Around this time, Taniya Benedict was in Australia making the decision to leave corporate law to study international development. During a placed internship, Taniya came to the US to work with our small team for a summer and three years later the three of us are heading the social enterprise. Our mission at NABU.ORG is to solve the imbalance in children’s book publishing and distribution.

What were the key stimuli that made you launch this in Rwanda and Haiti?

We chose to launch in Haiti and in Rwanda because of the unique opportunity each country presented to test our two different models: the school model, and the mobile model. The school model relies on having school partners engaged in our work who are using our reading app in their classrooms. Many of the schools in Haiti are privately run, giving us the opportunity to work with individual partners on a school by school basis. The mobile model relies on individuals downloading our reading app from the google play store. In order to test this model, we wanted to identify a country with very high smartphone penetration to ensure we could reach a wide audience.

Isabel Sheinman demonstrating the use of the reading app in Haiti in 2014. (Photo credit: Martiza Chateau)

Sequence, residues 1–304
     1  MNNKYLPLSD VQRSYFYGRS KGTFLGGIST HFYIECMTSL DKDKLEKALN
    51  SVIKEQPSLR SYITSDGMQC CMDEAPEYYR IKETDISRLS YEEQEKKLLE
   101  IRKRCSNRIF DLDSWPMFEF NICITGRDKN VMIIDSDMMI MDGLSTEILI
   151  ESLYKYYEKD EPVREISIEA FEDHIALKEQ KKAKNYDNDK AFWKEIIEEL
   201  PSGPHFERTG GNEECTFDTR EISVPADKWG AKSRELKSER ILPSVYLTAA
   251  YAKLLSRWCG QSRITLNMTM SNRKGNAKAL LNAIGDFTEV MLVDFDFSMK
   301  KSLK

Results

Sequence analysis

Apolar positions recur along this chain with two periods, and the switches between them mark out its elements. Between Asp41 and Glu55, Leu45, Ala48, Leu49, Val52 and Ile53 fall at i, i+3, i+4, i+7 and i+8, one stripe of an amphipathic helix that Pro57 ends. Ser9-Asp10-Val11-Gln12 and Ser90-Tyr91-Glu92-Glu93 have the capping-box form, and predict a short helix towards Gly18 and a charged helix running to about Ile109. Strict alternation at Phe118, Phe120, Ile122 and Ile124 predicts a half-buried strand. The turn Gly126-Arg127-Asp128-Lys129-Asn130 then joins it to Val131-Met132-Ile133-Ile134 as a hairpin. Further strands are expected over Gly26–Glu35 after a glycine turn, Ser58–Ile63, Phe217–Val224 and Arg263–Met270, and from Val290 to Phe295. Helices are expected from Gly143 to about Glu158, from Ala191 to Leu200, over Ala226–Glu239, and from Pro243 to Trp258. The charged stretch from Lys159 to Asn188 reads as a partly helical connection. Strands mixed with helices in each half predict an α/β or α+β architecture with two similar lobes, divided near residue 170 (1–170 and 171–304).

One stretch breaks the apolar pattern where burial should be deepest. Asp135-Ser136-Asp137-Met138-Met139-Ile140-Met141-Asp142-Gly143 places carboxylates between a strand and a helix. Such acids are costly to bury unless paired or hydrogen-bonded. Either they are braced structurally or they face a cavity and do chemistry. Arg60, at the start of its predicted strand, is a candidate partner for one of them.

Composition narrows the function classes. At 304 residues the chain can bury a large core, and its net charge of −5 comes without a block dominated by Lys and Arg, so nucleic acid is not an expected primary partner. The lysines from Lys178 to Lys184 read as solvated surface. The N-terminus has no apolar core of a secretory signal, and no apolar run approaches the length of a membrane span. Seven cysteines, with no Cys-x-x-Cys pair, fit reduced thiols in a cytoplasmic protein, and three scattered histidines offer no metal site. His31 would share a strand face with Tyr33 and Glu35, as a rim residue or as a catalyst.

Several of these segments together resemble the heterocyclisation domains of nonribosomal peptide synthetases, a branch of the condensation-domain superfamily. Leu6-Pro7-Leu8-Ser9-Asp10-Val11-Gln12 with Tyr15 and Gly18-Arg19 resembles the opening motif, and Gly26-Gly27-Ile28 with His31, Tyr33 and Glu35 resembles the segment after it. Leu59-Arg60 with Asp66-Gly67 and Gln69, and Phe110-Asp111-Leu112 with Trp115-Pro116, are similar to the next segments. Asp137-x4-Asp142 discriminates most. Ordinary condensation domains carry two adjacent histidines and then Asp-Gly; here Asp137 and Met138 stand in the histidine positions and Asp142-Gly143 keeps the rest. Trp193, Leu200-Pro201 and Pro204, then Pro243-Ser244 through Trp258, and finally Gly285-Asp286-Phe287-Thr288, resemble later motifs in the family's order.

In both cases, we were invited into the country by a distinguished partner.  In the case of Rwanda, we were invited in by the First Lady of Rwanda’s Foundation, the Imbuto Foundation, through our partnership with Bloomberg Philanthropies. We have also run pilot programs in Congo, Mongolia and Cambodia.

What were some of the initial hurdles that you came across?

One hurdle is access to funding. To this date, we have been philanthropically funded through individuals and institutions. While we have been fortunate to find extremely loyal and committed funders, we do not want to rely solely on philanthropic funding and we are now developing earned revenue streams to complement our fundraising efforts.

A second hurdle is access to content. During our pilot phase, we quickly discovered that there is a severe lack of mother tongue language content available, primarily because publishing local language children’s books is currently not a viable business. To solve this, we are engaging local authors and illustrators to create original books and publish them through our reading app. Original, mother tongue story publishing is now one of the core components of our work.

How do you get new local language content to sustain the app?